Discussion Forums - Contemporary Fiction

Topic: Modern Fiction Favorites. How Many of These Have You Read?

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Date Posted: 5/22/2009 9:10 AM ET
Member Since: 8/14/2006
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I've read 18.  I have 4 on my tbr.

Oh, if we are going to count Harry Potter's as 7 then I have read 24.

Last Edited on: 5/22/09 9:12 AM ET - Total times edited: 2
Date Posted: 5/22/2009 11:01 PM ET
Member Since: 4/8/2009
Posts: 29
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I was tempted to add Case Histories to the list!

If you liked the Lovely Bones and Atonement, you will like Case Histories by Kate Atkinson. See LeeAnne's post above  ^^^^

Last Edited on: 5/22/09 11:03 PM ET - Total times edited: 1
Date Posted: 5/23/2009 9:54 PM ET
Member Since: 1/10/2008
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Read 22 (counting HP as 7).  Some of the books belong on the list- others don't, and there are books glaringly missing.

Date Posted: 5/23/2009 10:05 PM ET
Member Since: 6/9/2006
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I've read 29 if you count Harry Potter as 1.  I can see a bit where they are coming from for many of them, some of my favorite authors are on the list.

Date Posted: 5/25/2009 11:16 AM ET
Member Since: 7/29/2006
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I'm not sure I agree that these books should be considered "critical reading" but I do think they are a good representation of today's 'better' contemporary literature. (yes, even THE DA VINCI CODE!)

I've read 15 and have 7 on my TBR list.

Date Posted: 5/27/2009 7:20 PM ET
Member Since: 12/29/2008
Posts: 182
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Counting HP series as 1, I have read 23 of them. A couple I intentionally didn't read because of the story line.

Date Posted: 5/27/2009 7:44 PM ET
Member Since: 10/17/2006
Posts: 1,427
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I join Dr. John W. in his remarks about the pretty poor overall caliber of the books listed.  And yeah, Zadie Smith is definitely one of the 'better' novelists of the last couple decades.  I really liked her debut novel White Teeth.   And I feel like LeeAnne, too, when she wrote "a few of them you couldn't pay me to read!"  (Some of those books were "fluff", or "bulk fiction".  The latter is a term I adopted to signify those books churned out by the same old, same old writers every year or eighteen months or so, until they are so numerous they clog the shelves at the book shops.)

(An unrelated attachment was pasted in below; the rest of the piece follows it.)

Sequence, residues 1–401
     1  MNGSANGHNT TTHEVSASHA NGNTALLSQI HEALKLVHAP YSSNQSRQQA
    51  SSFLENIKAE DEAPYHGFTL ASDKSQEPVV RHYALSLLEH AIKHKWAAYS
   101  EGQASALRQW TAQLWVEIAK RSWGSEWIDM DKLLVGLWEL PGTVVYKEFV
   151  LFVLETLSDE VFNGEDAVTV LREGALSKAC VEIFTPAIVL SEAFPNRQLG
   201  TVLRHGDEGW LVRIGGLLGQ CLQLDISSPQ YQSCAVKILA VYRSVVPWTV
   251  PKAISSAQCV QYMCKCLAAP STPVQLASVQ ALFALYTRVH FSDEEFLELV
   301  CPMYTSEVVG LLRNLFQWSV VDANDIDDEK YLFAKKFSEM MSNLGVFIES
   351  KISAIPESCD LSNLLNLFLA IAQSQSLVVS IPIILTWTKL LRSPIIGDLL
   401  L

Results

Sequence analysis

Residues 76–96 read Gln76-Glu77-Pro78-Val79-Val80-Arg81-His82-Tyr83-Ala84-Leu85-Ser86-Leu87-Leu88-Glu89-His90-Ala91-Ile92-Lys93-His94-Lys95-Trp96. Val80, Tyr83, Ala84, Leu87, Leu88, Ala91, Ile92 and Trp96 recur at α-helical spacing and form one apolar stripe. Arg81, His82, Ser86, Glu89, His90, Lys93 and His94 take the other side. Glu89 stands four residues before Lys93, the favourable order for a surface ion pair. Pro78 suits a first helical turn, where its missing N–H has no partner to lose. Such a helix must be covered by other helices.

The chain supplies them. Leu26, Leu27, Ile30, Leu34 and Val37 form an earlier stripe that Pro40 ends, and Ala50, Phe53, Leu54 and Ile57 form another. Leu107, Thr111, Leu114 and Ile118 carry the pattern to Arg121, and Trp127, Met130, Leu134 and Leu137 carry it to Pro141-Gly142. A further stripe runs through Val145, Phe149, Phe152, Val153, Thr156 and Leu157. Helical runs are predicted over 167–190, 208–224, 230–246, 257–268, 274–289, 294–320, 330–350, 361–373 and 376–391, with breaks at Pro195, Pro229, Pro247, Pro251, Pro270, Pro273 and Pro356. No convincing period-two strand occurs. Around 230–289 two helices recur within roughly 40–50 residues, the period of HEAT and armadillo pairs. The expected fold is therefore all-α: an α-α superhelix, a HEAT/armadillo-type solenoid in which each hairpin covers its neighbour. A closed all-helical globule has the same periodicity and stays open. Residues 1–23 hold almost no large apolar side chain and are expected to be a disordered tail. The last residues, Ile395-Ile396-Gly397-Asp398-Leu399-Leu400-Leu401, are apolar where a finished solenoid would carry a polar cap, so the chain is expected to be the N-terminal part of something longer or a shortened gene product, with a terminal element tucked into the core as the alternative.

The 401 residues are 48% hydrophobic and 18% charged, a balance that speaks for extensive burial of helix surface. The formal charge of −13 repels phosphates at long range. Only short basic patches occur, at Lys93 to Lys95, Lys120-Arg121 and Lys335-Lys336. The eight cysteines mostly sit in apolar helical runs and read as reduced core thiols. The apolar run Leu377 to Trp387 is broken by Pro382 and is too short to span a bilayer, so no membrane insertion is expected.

(I have a sneaking suspicion that Wally Lamb and Nicholas Sparks noted the strong market ($$$) for "romances" and decided to get themselves a piece of the action.)

And for once, a very good novel was made into a very good movie, when Khalid Hosseini's The Kite Runner was filmed.  I thought the way the filmmakers decided to handle "the language barrier" was interesting, too, and probably added to the 'flavor' of the movie.  Hosseini is not a "one-trick pony", Dr. John, because a second novel, A Thousand Splendid Suns, has been published.  But I haven't read it yet, so I have no idea whether it solidifies Hosseini's reputation as a novelist worthy of readers' attention.

Last Edited on: 5/27/09 7:57 PM ET - Total times edited: 2
Date Posted: 5/27/2009 8:49 PM ET
Member Since: 5/25/2009
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Whoever wrote that list in Complete Idiot's Guide seemed to have raided the New York Times bestseller list from the last 10 years or so.  I wouldn't really say that any of those promote critical reading or thinking - not in comparison to so many that could (maybe should) have been on that list. 

That said, I've read 7 (if you count Harry Potter as 1 book). 

Date Posted: 5/28/2009 4:15 PM ET
Member Since: 3/27/2009
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Hosseini is not a "one-trick pony", Dr. John, because a second novel, A Thousand Splendid Suns, has been published.  But I haven't read it yet, so I have no idea whether it solidifies Hosseini's reputation as a novelist worthy of readers' attention

Hosseini is one of the few authors whose work I just had to read back to back. I am definitely interested in reading his future novels.

Kite is better than Suns but only marginally so. I am one of those readers who is absolutely starving for high quality, artistic and original figurative language and Hosseini is one of the rare ones that provides a little bit of that.

What's more, both stories are compelling, the dialogue is realistic,  and the plots keep moving which is a super plus in my HO.  When an author writes so well that I feel as if I am watching a movie in my head instead of reading, well then, he makes it onto my very short "It List."

Date Posted: 5/28/2009 9:50 PM ET
Member Since: 9/26/2005
Posts: 4,490